It started, I suppose, nearly two years ago when I went into the local BMV bookstore with my friend Victoria, and we browsed through the Writing section and found a book called The Indie Author Guide. I think it was the cover picture that really drew me in: it shows a laptop on a sidewalk table outside an apparently empty, turquoise-painted, bohemian-looking café. The only way the picture could be more appealing to me would be if there were a big mug of Earl Grey or a London Fog sitting next to the computer (which, by the way, when you look at it closely, is clearly a MacBook). And maybe a chocolate croissant or something. The title was intriguing, too. “Indie”? What does that mean, for an author? Turns out, it means self-publishing. I bought the book, though at the time I didn’t think I was seriously interested in self-publishing. But maybe I can learn something, I thought.
The Indie Author Guide was published in 2010, so it is now significantly out of date, but it was eye-opening for me. It introduced me to the concept of print on demand, the process which makes it possible to become a print publisher of without investing thousands of dollars in inventory and filling your basement with books that you have to try to convince local bookstores to stock on consignment. Of course, the other pieces of the puzzle that make indie authorship feasible are ebooks and the online publishing platforms offered through Amazon, Kobo, and other retailers. The paradigm is so different that it does seem to warrant a different name. Old-school self-publishing could be profitable if you had books that fit a specific niche and knew how to market to it: for instance, local history guidebooks which you plan to sell through museums and historical sites; or textbooks on sheep brain physiology which you know you can market to psychology professors. And this is still a good model for striking out on your own. The more you know about who would be interested in your books, the better you can tailor your efforts to reach them. But today’s indie author only has to worry about getting the word out, not distributing the books themselves; print-on-demand technology and ebooks take care of all that.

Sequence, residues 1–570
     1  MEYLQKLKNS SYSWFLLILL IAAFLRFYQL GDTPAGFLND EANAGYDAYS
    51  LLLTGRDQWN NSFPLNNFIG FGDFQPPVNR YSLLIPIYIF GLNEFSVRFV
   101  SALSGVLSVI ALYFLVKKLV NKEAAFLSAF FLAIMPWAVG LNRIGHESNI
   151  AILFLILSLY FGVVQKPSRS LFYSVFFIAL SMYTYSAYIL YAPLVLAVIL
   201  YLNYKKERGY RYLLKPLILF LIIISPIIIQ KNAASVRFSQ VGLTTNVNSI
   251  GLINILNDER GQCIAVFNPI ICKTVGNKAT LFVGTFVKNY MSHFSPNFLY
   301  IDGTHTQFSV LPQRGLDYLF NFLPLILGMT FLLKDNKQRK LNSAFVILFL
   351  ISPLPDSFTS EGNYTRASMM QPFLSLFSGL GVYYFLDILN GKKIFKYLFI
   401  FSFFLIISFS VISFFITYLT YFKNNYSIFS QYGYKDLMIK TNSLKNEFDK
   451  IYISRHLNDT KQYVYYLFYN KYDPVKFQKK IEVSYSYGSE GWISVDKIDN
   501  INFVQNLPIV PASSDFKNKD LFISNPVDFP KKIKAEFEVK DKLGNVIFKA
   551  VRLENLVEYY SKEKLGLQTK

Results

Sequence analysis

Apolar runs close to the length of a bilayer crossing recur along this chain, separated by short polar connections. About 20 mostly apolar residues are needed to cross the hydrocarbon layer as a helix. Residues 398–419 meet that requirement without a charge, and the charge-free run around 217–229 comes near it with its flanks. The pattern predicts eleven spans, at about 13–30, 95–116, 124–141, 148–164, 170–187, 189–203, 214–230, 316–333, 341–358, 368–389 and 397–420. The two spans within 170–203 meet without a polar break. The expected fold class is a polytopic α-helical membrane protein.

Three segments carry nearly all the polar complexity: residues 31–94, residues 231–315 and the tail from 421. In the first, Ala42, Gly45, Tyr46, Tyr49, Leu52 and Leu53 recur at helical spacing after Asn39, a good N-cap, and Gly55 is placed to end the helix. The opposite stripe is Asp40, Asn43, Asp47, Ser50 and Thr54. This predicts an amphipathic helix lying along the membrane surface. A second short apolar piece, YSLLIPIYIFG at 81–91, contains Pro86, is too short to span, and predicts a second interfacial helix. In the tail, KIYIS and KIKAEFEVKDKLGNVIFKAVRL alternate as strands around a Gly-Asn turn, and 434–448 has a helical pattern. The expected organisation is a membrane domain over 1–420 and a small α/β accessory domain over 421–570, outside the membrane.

It took me a long time to come around to the idea that this was the right path for me. I discovered Joanna Penn’s Creative Penn podcast in the winter of 2012, when I was spending a lot of time in my basement making notebooks as Christmas presents for my friends, and wanted something to listen to. She had over 100 episodes in her backlist, and I started listening in reverse chronological order and getting more and more interested. I’ve found an email that I wrote to her in January of 2013, which describes where I was in my thinking at that point:
When I found your podcast, I was thinking about self-publishing as a possibility for my novel-in-progress; now I’m genuinely excited about it. … After listening to you talk to so many diverse and interesting writers, I feel that, should I choose the self-publishing path, I will be in very good company.
The novel was From All False Doctrine, which I finished at the end of April, 2013. By that time, I think I had almost completely made up my mind to go indie. Why was it a difficult decision? Well, as I said in my last post, I’d been writing for a long time without publishing anything to speak of. In fact, I hadn’t submitted very much; I sent out a few queries for things, but I never really went through that process that veteran authors talk about where you amass stacks of rejection letters from agents and editors and magazines. I have a few in a file somewhere, but not enough to paper my bathroom or anything. But my definition of writerly success remained connected to publishers. If I short-circuited that whole process, would I miss a crucial rite de passage? Would I feel as if I weren’t legitimate, hadn’t been validated as a writer? And then, of course, would I risk sending a half-baked, shoddy piece of writing out to a deserved oblivion? Well, I didn’t think so—but then, nobody ever does, right?
But gradually I was getting more and more excited about the advantages of indie publishing. Greater control over the details of your book and its release ranks high on the list. Traditionally, authors often have little or no control over cover design, and books can take a long time to come to market; when you’re doing everything yourself, you have control over both of these things, though of course you also have to shoulder the responsibility, and the cost. Indies can keep their books in print as long as they like, can set their own prices to entice readers, and make a higher percentage per book than authors working with publishers and agents. I heard repeatedly about people who were building solid, rewarding careers as novelists without blockbuster successes, by working steadily and intelligently. It sounded very appealing. Lindsay Buroker, for instance, talks about this on an episode of Joanna Penn’s podcast, and on her blog. She’s made this work in particular with her fantasy series, The Emperor’s Edge—which I’ve recently started reading, and I have to say is really addictive.
Still I wasn’t sure. I read more, on the net and in books, and turned over different possibilities. I learned a lot of details about the process that I didn’t really need to know yet. Sometimes I felt like I was definitely going to do this; sometimes I thought I was crazy for contemplating it.